There is no “Sixth Man of the Playoffs” award, but if there were Brandon Roy would be the frontrunner.
He was a game changer for the Trail Blazers off the pine, especially in Game 4 when he had a quarter for the ages that pulled his struggling team up and evened the series (even if that quarter proved to be a mirage for Portland).
His performance had a lot of people thinking about Roy being the next Lamar Odom/Jason Terry/Manu Ginobili — a fantastic player who comes off the bench to change games.
“I’m going to want to push to be a starter and help this team win. The goal doesn’t change,” Roy said Friday as the Blazers left for the offseason. “I think I definitely want to help this team get in position to win and get out of the first round.”
Good. You don’t want a player thinking any other way.
But Roy needs to come off the bench next season anyway.
This is about reduced minutes for a guy whose knees lack any cartilage. Roy can spend all off-season resting his knees and getting whatever treatments he thinks helped the most, but there is an 82-game grind ahead that is hard on good, healthy knees. (Well, maybe less than 82 after the lockout, we’ll see.) Roy has value but the Blazers need to get him rest. Coming off the bench an help with that.
Of course, if Andre Miller isn’t brought back there are question of who will be the staring point guard for Portland, and Roy is already right there, so… still he would make a fantastic Sixth Man of the Year.
Spurs to give Tim Duncan, Manu Ginobili Friday night off in Denver
That is the first night of a back-to-back, with former Spurs’ assistant coach Mike Budenholzer and his Atlanta Hawks coming to San Antonio on Saturday. Popovich is saving his two veterans for that game.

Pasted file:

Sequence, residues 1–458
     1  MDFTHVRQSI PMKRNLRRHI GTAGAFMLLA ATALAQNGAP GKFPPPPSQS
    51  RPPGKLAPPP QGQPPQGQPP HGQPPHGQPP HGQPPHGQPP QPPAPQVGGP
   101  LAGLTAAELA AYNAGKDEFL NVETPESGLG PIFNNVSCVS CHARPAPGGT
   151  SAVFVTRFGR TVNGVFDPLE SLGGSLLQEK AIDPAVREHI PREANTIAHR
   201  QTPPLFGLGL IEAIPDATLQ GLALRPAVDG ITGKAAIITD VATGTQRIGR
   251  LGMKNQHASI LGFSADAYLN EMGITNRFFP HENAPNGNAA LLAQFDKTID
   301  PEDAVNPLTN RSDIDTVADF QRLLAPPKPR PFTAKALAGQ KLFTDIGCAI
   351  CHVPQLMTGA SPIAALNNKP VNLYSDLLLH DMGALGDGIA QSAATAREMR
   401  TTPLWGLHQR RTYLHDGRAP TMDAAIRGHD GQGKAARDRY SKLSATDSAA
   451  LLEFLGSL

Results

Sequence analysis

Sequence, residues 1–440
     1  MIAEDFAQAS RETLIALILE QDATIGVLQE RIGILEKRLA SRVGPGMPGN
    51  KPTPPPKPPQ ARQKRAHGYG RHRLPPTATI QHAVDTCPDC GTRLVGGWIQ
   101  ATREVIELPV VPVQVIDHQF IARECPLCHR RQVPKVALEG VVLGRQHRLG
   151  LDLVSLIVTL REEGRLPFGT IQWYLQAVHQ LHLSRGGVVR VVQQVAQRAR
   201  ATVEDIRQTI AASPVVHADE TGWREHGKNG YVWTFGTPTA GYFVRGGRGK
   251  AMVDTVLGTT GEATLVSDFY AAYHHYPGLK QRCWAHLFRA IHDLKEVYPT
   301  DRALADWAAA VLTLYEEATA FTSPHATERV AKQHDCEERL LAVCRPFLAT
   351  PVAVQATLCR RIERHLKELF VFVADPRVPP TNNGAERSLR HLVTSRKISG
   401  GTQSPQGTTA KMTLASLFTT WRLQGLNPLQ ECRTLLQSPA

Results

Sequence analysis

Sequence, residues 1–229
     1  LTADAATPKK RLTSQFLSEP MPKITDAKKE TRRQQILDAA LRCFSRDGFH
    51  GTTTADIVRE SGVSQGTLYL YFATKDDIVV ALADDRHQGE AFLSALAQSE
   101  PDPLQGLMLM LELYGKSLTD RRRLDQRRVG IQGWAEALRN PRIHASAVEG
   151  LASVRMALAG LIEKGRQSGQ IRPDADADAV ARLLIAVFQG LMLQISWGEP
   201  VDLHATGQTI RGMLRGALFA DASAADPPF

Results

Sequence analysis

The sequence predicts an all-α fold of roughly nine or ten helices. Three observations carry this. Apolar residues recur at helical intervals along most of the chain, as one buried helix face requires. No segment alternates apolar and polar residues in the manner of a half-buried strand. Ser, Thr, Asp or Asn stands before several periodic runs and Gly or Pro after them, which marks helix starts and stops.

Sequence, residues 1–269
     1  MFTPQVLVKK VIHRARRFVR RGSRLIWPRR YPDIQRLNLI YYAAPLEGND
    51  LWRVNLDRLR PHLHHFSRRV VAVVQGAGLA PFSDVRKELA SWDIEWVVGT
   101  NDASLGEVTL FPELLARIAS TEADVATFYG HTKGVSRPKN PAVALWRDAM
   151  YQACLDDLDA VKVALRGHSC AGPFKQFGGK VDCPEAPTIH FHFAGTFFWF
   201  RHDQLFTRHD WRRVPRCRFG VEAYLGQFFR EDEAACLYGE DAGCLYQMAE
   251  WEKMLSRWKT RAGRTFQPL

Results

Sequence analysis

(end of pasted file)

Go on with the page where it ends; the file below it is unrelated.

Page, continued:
Duncan and Ginobili have looked like they found the fountain of youth this season. Duncan is taking on less of the offense but has been very efficient in those moments. Ginobili has the impact he did a few years back in his bench role.
What Gregg Popovich cares about is them playing like that come the postseason. So they will rest on Friday.
Rejecting the tender is a favor to the drafting team, which gets to keep the player’s exclusive rights for a year. If Thornton tries to join the NBA now, he’s stuck negotiating with only the Celtics.
By accepting the tender, the player typically gets one of two outcomes. He either plays on that contract and draws an NBA salary or he gets waived. But even getting waived is better than rejecting the tender, because at least the player becomes a free agent and can negotiate with any team.
Players who reject the tender go to another league and play for less money. In Thornton’s case, that mean Australia.
How’s that going?
(Almost) never reject the required tender as a second-round pick.
Byron Scott says they just have to get Kobe Bryant better looks
Kobe Bryant is averaging 15.2 points a game at age 37. It’s just taking him 16.4 shots per game to get there. After his 1-of-14 shooting performance against the Warriors the other night — with too much isolation and too many plays run just for him — there has been a lot of talk about his shot. With reason, this is his shot chart so far this season.
So what do the Lakers’ do? Get Kobe to shoot less and get the ball in the hands of the young stars they supposed to be developing more? Nah.
“I know his mentality is that he can still play in this league,” Scott said. “And we feel the same way….
“Obviously he’s struggling right now with his shot, and I think everybody can see that,” Scott said. “So it’s trying to get him in better position to be able to have an opportunity to knock those shots down on a consistent basis. That’s No. 1.
“I don’t know if it’s his legs. I don’t think so. Again, our conversations are pretty blunt. … He tells me when he is tired and he tells me when he’s not tired. And the last few days, he said he feels great. So, I don’t think it’s a matter of him being tired or his legs being tired. I think it’s a matter of his timing being a little off.”
Yes, how could it be his legs? It’s not like he’s a 37-year-old with more than 55,000 NBA minutes played, and coming off an Achilles rupture and major knee surgery.
Honestly, I hope the Lakers and Kobe find a balance soon, because they have become just hard to watch. And I don’t want Kobe to go out this way.